Every year since 1818, the Farmers’ Almanac has been sought after for its long-range weather predictions, practical gardening and household advice, fishing tips, astronomical data and articles on ways to conserve time, energy, and the earth. The Farmers’ Almanac has spanned three centuries as North America’s most timeless, trusted, and treasured publication.
The Farmers’ Almanac is the only source for 16 full months of amazingly accurate long-range weather predictions for the United States and Canada. Readers say our annual forecasts are 80-85% accurate. The Almanac Publishing Company prints several versions of the Farmers’ Almanac each year, including a retail edition for both the U.S. and Canada, and a promotional edition of the Farmers’ Almanac that businesses customize with their logo, company information, ads, etc. and distribute as a marketing/public relations/advertising tool.
The Farmers’ Almanac is North America’s favorite almanac and reaches a growing national audience of over 18 million adults via print and digital media—including 1.2 million followers on Facebook, 37k on Twitter, 90k on Instagram, and 300k monthly viewers on Pinterest.
The Farmers’ Almanac is an annual bestseller online, at bookstores, grocery stores, discount stores, and other retail outlets around the country. Major stores include Barnes & Noble, Walmart, Dollar General Stores, CVS, Walgreen’s, and others.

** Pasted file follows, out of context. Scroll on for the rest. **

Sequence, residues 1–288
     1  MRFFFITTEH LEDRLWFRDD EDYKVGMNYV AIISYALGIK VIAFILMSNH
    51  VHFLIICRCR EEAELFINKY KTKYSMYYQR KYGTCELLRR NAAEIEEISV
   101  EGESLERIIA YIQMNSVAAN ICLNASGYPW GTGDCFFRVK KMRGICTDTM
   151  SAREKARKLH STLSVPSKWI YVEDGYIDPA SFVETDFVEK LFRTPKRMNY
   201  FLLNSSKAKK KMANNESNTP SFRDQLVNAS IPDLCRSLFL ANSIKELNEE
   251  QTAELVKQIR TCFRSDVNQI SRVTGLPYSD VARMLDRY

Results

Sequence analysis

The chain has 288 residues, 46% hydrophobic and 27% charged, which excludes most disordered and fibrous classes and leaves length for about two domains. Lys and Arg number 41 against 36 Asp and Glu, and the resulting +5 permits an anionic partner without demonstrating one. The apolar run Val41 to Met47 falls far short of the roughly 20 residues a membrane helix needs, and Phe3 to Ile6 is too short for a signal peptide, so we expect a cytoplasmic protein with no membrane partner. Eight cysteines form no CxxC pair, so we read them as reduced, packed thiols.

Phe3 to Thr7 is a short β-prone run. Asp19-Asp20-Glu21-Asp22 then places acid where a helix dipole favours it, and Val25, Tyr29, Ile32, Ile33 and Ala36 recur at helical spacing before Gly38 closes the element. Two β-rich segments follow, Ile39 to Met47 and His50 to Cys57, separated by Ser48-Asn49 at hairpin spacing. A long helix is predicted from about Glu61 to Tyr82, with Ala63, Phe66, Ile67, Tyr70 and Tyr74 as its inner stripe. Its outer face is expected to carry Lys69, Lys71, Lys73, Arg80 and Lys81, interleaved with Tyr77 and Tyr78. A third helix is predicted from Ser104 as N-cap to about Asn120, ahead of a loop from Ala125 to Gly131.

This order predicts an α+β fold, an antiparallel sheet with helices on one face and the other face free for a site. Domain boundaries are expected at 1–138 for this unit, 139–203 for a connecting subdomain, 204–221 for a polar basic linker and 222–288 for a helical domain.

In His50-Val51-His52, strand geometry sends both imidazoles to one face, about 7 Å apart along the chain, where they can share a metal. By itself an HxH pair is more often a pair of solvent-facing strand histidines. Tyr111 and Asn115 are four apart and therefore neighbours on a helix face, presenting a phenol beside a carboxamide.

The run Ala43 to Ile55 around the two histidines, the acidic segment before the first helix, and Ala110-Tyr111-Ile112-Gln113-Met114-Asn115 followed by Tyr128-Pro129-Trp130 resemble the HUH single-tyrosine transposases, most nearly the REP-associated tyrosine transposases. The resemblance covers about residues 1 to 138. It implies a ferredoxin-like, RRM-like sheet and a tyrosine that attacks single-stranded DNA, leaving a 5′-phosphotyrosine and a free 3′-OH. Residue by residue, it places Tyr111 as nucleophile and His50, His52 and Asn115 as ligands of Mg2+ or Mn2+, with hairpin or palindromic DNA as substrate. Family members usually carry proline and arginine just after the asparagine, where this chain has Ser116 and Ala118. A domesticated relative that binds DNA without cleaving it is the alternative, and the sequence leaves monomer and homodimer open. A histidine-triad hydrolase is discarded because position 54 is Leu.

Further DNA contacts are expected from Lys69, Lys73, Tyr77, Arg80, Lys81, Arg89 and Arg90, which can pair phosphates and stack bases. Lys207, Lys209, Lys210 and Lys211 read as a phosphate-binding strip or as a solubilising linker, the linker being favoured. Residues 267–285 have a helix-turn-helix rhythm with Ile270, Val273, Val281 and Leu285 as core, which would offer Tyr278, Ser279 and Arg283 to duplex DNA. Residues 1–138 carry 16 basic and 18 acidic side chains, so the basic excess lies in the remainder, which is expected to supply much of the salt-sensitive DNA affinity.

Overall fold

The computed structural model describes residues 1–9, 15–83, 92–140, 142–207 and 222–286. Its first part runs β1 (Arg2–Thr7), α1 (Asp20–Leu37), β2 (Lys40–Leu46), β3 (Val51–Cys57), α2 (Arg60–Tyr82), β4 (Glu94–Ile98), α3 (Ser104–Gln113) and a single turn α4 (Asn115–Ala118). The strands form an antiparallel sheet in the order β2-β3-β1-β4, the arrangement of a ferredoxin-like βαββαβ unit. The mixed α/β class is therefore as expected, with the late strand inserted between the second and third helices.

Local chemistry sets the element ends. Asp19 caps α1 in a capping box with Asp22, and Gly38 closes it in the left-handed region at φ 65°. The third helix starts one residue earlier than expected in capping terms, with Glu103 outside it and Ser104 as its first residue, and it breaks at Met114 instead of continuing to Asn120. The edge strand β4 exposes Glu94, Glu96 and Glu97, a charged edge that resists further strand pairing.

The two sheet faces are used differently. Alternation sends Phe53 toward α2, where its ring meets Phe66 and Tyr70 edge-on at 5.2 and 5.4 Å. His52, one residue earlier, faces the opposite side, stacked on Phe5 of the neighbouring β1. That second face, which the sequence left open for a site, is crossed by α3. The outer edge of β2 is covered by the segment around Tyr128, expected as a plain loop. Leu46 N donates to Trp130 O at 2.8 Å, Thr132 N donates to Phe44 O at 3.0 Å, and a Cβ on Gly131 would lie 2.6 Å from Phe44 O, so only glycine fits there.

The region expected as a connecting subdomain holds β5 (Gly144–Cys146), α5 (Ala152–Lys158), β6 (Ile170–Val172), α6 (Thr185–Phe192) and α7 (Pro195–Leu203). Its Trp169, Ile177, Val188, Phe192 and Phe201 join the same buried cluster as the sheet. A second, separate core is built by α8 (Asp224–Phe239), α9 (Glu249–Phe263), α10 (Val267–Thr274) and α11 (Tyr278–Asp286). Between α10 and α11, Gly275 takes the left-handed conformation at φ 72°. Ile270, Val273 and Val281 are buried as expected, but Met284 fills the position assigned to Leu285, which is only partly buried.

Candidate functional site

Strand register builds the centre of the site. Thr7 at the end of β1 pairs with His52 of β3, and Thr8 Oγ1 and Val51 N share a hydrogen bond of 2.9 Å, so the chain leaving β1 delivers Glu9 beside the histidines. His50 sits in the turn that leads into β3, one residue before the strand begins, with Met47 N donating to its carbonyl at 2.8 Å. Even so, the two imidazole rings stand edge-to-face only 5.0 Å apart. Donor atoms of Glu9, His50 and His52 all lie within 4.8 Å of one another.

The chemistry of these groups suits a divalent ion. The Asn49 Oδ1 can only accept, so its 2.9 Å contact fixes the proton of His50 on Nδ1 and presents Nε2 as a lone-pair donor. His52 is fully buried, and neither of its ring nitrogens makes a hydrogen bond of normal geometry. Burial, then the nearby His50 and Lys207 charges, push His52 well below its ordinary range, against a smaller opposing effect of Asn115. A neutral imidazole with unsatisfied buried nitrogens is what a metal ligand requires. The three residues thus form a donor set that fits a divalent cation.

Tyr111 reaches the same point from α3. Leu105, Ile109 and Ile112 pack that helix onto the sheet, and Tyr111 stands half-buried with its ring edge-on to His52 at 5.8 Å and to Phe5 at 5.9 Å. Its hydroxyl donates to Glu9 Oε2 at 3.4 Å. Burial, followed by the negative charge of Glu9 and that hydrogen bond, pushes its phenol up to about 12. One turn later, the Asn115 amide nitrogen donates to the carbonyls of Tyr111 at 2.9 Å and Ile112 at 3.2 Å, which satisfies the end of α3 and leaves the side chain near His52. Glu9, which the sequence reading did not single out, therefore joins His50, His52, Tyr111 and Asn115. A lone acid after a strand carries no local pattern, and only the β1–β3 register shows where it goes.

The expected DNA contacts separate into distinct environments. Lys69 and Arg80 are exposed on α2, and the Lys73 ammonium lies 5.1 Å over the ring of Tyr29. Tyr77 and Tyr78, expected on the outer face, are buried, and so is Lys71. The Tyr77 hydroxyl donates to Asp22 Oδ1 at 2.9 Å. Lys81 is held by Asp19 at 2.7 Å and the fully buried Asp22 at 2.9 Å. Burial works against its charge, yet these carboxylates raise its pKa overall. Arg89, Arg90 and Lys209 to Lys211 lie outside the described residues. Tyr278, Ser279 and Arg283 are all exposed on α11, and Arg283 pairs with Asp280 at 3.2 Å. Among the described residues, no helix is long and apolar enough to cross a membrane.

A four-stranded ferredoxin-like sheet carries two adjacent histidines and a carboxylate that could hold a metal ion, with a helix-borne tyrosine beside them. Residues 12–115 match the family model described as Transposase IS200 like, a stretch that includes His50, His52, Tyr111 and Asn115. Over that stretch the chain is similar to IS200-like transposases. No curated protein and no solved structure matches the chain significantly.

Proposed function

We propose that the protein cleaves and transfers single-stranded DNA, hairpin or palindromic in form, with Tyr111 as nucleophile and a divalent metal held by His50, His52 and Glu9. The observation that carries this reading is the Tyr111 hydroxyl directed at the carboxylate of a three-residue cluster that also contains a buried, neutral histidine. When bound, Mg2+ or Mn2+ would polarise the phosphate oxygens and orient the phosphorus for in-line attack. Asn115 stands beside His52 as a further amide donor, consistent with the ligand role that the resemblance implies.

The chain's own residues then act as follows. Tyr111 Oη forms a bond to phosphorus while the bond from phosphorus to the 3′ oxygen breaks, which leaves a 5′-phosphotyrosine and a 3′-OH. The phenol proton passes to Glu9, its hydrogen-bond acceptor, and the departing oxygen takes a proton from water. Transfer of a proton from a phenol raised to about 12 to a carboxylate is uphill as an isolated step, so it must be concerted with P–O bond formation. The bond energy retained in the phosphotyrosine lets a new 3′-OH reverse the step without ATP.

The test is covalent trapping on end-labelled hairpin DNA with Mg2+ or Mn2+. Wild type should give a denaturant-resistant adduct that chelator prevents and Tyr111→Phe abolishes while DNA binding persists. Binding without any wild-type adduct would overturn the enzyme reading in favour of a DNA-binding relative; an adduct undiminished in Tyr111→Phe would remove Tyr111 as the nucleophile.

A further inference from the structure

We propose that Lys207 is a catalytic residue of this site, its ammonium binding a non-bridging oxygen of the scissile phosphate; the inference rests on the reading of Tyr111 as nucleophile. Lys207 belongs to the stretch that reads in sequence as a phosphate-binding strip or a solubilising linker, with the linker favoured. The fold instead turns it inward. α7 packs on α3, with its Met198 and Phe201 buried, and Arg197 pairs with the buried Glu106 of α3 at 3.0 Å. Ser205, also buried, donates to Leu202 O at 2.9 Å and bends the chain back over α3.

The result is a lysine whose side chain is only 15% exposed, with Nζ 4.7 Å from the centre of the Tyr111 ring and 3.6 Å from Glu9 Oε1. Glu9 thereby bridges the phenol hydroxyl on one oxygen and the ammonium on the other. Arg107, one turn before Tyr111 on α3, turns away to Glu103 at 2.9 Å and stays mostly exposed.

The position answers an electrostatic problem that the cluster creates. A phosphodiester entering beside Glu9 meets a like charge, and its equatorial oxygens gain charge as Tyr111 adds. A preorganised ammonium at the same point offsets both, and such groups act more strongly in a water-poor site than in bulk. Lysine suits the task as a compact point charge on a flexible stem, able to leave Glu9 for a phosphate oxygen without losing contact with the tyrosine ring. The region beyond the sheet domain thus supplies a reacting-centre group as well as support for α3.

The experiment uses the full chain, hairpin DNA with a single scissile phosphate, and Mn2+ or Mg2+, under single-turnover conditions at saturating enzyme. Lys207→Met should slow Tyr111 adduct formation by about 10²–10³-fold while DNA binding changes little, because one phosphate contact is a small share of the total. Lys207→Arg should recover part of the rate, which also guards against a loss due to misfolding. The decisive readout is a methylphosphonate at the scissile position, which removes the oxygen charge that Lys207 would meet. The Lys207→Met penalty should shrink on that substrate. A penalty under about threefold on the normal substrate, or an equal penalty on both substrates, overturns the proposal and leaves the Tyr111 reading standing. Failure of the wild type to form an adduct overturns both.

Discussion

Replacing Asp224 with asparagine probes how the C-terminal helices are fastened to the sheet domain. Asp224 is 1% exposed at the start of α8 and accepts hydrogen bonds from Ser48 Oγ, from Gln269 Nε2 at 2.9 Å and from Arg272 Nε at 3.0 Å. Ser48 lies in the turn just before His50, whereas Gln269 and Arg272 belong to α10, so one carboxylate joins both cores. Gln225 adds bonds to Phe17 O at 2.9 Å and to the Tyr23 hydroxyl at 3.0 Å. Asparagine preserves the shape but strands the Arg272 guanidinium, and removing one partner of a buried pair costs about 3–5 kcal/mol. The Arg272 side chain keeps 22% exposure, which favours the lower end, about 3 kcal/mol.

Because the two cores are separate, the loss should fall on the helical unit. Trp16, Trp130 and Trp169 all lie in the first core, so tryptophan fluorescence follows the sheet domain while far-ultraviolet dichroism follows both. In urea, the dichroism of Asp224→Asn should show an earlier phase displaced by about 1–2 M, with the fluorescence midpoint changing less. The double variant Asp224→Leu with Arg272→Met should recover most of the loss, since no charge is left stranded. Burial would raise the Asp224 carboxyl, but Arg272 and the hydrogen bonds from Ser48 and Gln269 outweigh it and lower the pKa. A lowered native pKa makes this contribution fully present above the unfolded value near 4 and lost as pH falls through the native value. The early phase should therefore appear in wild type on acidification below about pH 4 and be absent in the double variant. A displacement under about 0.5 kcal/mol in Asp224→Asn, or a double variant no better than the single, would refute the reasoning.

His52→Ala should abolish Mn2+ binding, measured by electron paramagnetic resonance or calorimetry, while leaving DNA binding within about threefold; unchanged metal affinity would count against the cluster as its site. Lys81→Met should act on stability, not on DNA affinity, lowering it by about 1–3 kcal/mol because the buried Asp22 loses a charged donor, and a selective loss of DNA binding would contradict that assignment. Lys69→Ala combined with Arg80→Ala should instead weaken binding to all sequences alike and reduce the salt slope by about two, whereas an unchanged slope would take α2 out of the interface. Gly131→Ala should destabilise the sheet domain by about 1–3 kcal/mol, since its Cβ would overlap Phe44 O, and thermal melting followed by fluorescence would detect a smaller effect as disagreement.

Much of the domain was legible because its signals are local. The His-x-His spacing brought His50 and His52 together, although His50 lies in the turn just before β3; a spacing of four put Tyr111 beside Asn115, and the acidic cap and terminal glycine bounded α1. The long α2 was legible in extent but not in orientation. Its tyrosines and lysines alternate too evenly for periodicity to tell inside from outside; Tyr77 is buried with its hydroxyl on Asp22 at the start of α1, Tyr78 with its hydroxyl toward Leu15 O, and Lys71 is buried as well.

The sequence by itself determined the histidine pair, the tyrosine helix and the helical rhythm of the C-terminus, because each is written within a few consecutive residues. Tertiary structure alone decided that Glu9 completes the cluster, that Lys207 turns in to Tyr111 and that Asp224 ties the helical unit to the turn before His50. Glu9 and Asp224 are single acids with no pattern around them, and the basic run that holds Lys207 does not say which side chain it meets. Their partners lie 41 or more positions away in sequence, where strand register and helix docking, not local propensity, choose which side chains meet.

The Farmers’ Almanac has appeared in numerous television shows and movies, including: The Office, MASH, The Dukes of Hazard, Cold Case, and Father of the Bride, as well as on late-night television talk shows such as Late Night David Letterman and in 2016, The Late Show with Stephen Colbert.
Simply pour salt on it, wait a minute, then sweep it up.
If you notice a hole in the upper left-hand corner of your Farmers' Almanac, don't return it to the store! That hole isn't a defect; it's a part of history. Starting with the first edition of the Farmers' Almanac in 1818, readers used to nail holes into the corners to hang it up in their homes, barns, and outhouses (to provide both reading material and toilet paper). In 1919, the Almanac's publishers began pre-drilling holes in the corners to make it even easier for readers to keep all of that invaluable information (and paper) handy.
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